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19th December 2021

A New Hope- for a Big Difference

Passage: Luke 1;46-55


Do you remember George Orwell’s novel “Animal Farm?” A group of animals, who were being neglected and overworked by a horrible farmer, staged a revolution, led by the pigs. They turned the farmer out and established themselves as a communal enterprise. Everyone would work and everyone would share in the profits. They agreed on a set of basic rules to which they all committed themselves, hand on heart. From now on, life was going to be fair on Animal Farm.
Then gradually, things changed. The pigs became more powerful. The rules kept changing subtly. As the pigs gained more power so they became more greedy, more cruel, more corrupt. By the end of the book the rest of the animals were living and working in conditions as bad if not worse than before. The pigs had made friends with the humans and when you looked from pig to person and back again, you could hardly tell the difference.

Orwell’s novel was banned in Communist Russia because it was of course an allegory. A tale of how an idealistic political regime turned horribly sour. And this did not only happen in Communist Russia. It has happened repeatedly, when the person or the political party proclaiming itself the Saviour of the world or at least of your nation, once in power becomes corrupt, cruel, and ruthless.

Which perhaps has made joining Mary’s song of praise this morning rather difficult for us. She is singing of a new world, a new regime, where the poor will be lifted up, and the ruthless rulers cast down; where the hungry will be fed, and resources shared equally. And there is something inside us saying, “yeah, right….in your dreams.” After all, the wonderful new world did not happen then, and it does not look much like happening now.

You could argue though that, to a certain extent, Jesus did become King of the world. Once the Emperor Constantine converted to Christianity in the third century AD, a huge part of the world became nominally Christian. And a lot of good stuff happened, socially and politically. When you think that, in the Roman society of Mary’s day, babies of slave girls or any considered sub-standard were simply placed on rubbish heaps to die; that only those considered culturally or financially suitable were granted the rights and privileges of Roman citizenship and no-one else had any rights at all; things did move forward. The Christian church was the first significant multi-cultural organisation, enabling people of different races to meet in a non-confrontational fashion. That was unheard of. The great medieval Christian monasteries set out to feed the hungry, give shelter to the homeless, offer healing remedies free of charge to the sick- following the teachings of Jesus Christ. This had also been unheard of. The whole concept of democracy- where each person in a society has the right to speak and to take part in decision- making has its roots in Christian faith, teaching that all are valued in the sight of God. Even today, many members of our secular society, admit that we owe a lot which is right and fair to our Christian heritage.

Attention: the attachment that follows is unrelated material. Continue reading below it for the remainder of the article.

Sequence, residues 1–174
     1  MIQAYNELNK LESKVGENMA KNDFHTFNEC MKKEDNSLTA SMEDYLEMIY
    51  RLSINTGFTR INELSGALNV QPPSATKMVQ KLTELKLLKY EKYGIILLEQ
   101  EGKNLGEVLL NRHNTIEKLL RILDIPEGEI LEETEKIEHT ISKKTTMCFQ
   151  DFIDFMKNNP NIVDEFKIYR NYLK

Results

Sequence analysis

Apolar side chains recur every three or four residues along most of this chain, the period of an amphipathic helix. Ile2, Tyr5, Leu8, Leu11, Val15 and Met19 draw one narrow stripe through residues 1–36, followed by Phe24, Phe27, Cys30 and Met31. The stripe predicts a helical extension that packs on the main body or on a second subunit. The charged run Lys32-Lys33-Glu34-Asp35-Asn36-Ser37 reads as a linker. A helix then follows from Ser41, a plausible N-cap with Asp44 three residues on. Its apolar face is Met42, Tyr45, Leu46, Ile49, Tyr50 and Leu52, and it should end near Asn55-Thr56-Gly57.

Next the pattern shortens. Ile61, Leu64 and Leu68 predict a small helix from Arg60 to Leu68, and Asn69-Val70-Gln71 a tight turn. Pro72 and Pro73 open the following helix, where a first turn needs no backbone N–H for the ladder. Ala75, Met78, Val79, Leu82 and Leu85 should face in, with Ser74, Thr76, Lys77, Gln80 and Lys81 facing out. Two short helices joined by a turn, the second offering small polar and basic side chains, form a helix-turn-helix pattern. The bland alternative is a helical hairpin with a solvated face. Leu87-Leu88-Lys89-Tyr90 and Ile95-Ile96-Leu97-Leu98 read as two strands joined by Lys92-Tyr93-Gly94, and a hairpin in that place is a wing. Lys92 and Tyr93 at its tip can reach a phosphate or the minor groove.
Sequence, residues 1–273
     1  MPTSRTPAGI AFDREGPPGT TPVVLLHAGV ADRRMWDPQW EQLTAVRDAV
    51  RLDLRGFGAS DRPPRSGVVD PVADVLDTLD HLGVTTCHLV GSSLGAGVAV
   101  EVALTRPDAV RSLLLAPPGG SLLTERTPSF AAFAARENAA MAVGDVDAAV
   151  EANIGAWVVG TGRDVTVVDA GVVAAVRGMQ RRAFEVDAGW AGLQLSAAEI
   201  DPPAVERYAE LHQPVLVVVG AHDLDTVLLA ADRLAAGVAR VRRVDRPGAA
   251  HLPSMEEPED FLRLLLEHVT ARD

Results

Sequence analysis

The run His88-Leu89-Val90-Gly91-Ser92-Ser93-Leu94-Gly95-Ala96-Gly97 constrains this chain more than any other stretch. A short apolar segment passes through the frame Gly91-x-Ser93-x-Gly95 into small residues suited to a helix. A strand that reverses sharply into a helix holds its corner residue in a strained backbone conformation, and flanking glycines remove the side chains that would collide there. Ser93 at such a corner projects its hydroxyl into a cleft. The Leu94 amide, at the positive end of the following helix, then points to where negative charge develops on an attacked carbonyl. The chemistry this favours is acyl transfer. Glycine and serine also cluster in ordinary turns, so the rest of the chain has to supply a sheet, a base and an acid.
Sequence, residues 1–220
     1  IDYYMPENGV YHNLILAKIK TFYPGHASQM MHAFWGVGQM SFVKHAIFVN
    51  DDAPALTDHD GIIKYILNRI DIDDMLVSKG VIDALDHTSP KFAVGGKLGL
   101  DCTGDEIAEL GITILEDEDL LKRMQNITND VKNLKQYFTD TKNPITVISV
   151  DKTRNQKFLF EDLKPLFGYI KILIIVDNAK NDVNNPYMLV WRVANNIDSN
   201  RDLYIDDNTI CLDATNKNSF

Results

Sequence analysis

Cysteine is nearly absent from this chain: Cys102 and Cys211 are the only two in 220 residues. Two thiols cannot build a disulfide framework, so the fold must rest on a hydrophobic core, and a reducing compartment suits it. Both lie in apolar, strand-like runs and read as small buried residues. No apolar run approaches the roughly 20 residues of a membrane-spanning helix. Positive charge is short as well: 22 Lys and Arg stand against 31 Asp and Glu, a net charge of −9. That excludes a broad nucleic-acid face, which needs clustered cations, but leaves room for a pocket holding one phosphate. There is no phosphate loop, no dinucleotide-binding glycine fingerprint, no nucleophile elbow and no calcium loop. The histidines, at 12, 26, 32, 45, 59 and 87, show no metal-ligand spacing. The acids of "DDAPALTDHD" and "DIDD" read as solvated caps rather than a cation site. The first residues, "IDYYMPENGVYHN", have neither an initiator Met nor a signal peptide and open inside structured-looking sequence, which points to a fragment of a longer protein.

But of course, things still went horribly wrong. The barbaric cruelty of the Spanish Inquisition, the brutality of the so-called “Holy Wars,” the missions which were more like colonisation, the threatening of vulnerable people with hellfire in the world to come in the hopes of keeping them submissive in this one. Like the pigs in Orwell’s novel, Christian leaders could end up just as corrupt as any others.

Even in Mary’s song, we hear hints that the hope of her people, the Jews, is to be where the Roman Emperor is now. We want to be the people with the power. And almost certainly, they would have ended up just as cruel and barbaric as any Caesar. There is a problem here and I have been trying to work out what it is.

I think it is true to say that you are never going to achieve permanent political change without the inner conviction of all concerned that this is a change they want. Coercing everyone into a regime means that a lot of people will be outwardly obedient whilst inwardly looking for a chance to rebel.